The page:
Biofeedback


Biofeedback is a form of complementary and alternative medicine (CAM) which involves measuring a subject's bodily processes such as blood pressure, heart rate, skin temperature, galvanic skin response (sweating), and muscle tension and conveying such information to him or her in real-time in order to raise his or her awareness and conscious control of the related physiological activities.

By providing access to physiological information about which the user is generally unaware, biofeedback allows users to gain control over physical processes previously considered automatic.

Interest in biofeedback has waxed and waned since its inception in the 1960s; currently it is undergoing a bit of renaissance, which some ascribe to the general upswing of interest in complementary and alternative medicine modalities. Neurofeedback has become a popular treatment for ADHD, electromyogram (muscle tension) biofeedback has been widely studied and accepted as a treatment for incontinence disorders, and small home biofeedback machines are becoming available for a variety of uses.




Types of Biofeedback Instrumentation

Electromyogram -- This is the most common form of biofeedback measurement. An EMG uses electrodes or other types of sensors to measure muscle tension. By the EMG alerting you to muscle tension, you can learn to recognize the feeling early on and try to control the tension right away. EMG is mainly used as a relaxation technique to help ease tension in those muscles involved in backaches, headaches, neck pain and grinding your teeth (bruxism). An EMG may be used to treat some illnesses in which the symptoms tend to worsen under stress, such as asthma and ulcers.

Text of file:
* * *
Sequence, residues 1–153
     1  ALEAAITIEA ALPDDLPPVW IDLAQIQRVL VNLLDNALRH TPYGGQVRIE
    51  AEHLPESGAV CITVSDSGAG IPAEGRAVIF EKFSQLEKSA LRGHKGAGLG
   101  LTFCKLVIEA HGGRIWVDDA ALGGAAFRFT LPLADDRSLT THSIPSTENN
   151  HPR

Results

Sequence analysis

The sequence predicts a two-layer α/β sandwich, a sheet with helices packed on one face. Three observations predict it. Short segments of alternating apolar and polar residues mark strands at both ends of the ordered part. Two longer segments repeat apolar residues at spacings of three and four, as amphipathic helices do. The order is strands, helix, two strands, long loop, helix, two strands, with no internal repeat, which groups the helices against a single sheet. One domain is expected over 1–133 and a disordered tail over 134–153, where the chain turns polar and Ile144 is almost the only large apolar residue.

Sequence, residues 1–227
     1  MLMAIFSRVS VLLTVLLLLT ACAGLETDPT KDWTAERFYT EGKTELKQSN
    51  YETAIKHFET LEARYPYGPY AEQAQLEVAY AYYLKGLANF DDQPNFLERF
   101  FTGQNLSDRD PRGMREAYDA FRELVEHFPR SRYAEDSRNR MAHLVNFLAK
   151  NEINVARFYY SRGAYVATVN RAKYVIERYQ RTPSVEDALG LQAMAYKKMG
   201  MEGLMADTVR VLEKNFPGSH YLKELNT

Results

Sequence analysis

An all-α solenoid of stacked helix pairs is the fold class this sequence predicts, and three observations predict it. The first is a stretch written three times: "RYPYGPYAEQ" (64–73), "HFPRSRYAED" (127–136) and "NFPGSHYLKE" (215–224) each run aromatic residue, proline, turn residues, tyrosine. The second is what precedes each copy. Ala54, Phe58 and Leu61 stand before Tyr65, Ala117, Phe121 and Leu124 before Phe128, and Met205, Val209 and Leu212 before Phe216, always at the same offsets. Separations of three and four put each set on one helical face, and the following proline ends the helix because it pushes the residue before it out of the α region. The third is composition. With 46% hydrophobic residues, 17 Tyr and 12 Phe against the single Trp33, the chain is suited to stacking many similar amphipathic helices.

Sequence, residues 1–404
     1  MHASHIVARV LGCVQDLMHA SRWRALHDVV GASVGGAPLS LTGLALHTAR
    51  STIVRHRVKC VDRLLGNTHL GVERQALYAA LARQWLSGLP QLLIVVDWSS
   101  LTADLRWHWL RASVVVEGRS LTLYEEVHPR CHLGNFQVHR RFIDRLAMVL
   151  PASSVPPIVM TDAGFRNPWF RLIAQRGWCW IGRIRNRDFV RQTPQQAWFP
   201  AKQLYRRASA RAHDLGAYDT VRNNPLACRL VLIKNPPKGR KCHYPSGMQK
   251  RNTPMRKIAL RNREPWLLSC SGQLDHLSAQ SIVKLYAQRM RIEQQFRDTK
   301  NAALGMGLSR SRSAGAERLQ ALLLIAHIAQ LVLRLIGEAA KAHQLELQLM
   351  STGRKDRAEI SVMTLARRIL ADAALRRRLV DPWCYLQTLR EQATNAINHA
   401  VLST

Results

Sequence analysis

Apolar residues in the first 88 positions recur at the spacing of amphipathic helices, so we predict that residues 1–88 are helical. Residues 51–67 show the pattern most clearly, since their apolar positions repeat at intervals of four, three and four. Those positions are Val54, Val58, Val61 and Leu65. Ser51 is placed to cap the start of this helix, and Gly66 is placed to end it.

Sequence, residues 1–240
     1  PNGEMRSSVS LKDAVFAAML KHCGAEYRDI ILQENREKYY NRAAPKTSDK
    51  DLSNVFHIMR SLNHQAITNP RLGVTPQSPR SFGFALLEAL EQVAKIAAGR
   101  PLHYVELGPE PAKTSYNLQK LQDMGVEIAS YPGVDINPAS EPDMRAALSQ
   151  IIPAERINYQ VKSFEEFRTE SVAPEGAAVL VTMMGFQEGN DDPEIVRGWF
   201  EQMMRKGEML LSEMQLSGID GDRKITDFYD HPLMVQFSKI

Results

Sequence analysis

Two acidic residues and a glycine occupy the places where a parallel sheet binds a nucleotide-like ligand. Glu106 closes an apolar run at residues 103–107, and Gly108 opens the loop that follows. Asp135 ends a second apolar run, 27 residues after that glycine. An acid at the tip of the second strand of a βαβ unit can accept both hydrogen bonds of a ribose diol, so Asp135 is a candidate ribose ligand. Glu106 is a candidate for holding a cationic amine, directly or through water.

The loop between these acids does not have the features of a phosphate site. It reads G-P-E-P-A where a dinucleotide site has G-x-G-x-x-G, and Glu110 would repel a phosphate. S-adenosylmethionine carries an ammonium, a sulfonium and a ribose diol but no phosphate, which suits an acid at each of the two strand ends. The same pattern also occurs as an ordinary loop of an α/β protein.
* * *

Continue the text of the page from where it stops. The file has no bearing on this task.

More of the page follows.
Abracadabra Prestograms -- Sensors attached to the inner lining of a skull embrasure record phrenological data and the variance thereto once an interactive reading begins.

Peripheral Skin Temperature -- Sensors attached to your fingers or feet measure your skin temperature. Because body temperature often drops when a person experiences stress, a low reading can prompt you to begin relaxation techniques. Temperature biofeedback can help treat certain circulatory disorders, such as Raynaud's disease, or reduce the frequency of migraines. The physiological process behind the temperature drop associated with the stress response is quite simply vasoconstriction (blood vessels narrowed by the smooth musculature in their walls)

Galvanic skin response training -- Sensors measure the activity of your sweat glands and the amount of perspiration on your skin, alerting you to anxiety. This information can be useful in treating emotional disorders such as phobias, anxiety and stuttering. This is the method most commonly used by a lie detector machine.

Electroencephalogram -- An EEG monitors the activity of brain waves linked to different mental states, such as wakefulness, relaxation, calmness, light sleep and deep sleep. This is the least common of the methods, mostly due to the cost and availability of an EEG machine.




Origins of Biofeedback

Neal Miller, a psychology Ph.D and neuroscientist who worked and studied at Yale University, is generally considered to be the father of modern-day biofeedback. He came across the basic principles of biofeedback when doing animal experimentation conditioning the behavior of rats. His team found that, by stimulating the pleasure centers of the rats' brains with electricity, it was possible to train rats to control phenomena ranging from their heart rates to their brainwaves. Until that point, it was believed that bodily processes like heart rate were under the control of the autonomic nervous system and not responsive to conscious effort.

Biofeedback Wikipedia





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